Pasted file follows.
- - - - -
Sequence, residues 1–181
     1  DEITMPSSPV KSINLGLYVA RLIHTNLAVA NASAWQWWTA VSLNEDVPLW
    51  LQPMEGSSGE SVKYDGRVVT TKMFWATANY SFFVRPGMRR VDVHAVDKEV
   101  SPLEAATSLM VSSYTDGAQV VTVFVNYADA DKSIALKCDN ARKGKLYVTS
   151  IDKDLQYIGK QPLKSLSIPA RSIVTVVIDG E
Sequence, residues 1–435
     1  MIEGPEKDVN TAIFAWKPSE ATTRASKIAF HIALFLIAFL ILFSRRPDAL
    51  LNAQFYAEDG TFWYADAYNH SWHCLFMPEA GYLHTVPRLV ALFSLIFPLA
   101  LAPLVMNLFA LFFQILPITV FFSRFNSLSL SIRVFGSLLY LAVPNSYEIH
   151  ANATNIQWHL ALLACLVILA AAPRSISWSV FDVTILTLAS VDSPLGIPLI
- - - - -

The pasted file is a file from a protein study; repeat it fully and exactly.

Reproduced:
Sequence, residues 1–181
     1  DEITMPSSPV KSINLGLYVA RLIHTNLAVA NASAWQWWTA VSLNEDVPLW
    51  LQPMEGSSGE SVKYDGRVVT TKMFWATANY SFFVRPGMRR VDVHAVDKEV
   101  SPLEAATSLM VSSYTDGAQV VTVFVNYADA DKSIALKCDN ARKGKLYVTS
   151  IDKDLQYIGK QPLKSLSIPA RSIVTVVIDG E
Sequence, residues 1–435
     1  MIEGPEKDVN TAIFAWKPSE ATTRASKIAF HIALFLIAFL ILFSRRPDAL
    51  LNAQFYAEDG TFWYADAYNH SWHCLFMPEA GYLHTVPRLV ALFSLIFPLA
   101  LAPLVMNLFA LFFQILPITV FFSRFNSLSL SIRVFGSLLY LAVPNSYEIH
   151  ANATNIQWHL ALLACLVILA AAPRSISWSV FDVTILTLAS VDSPLGIPLI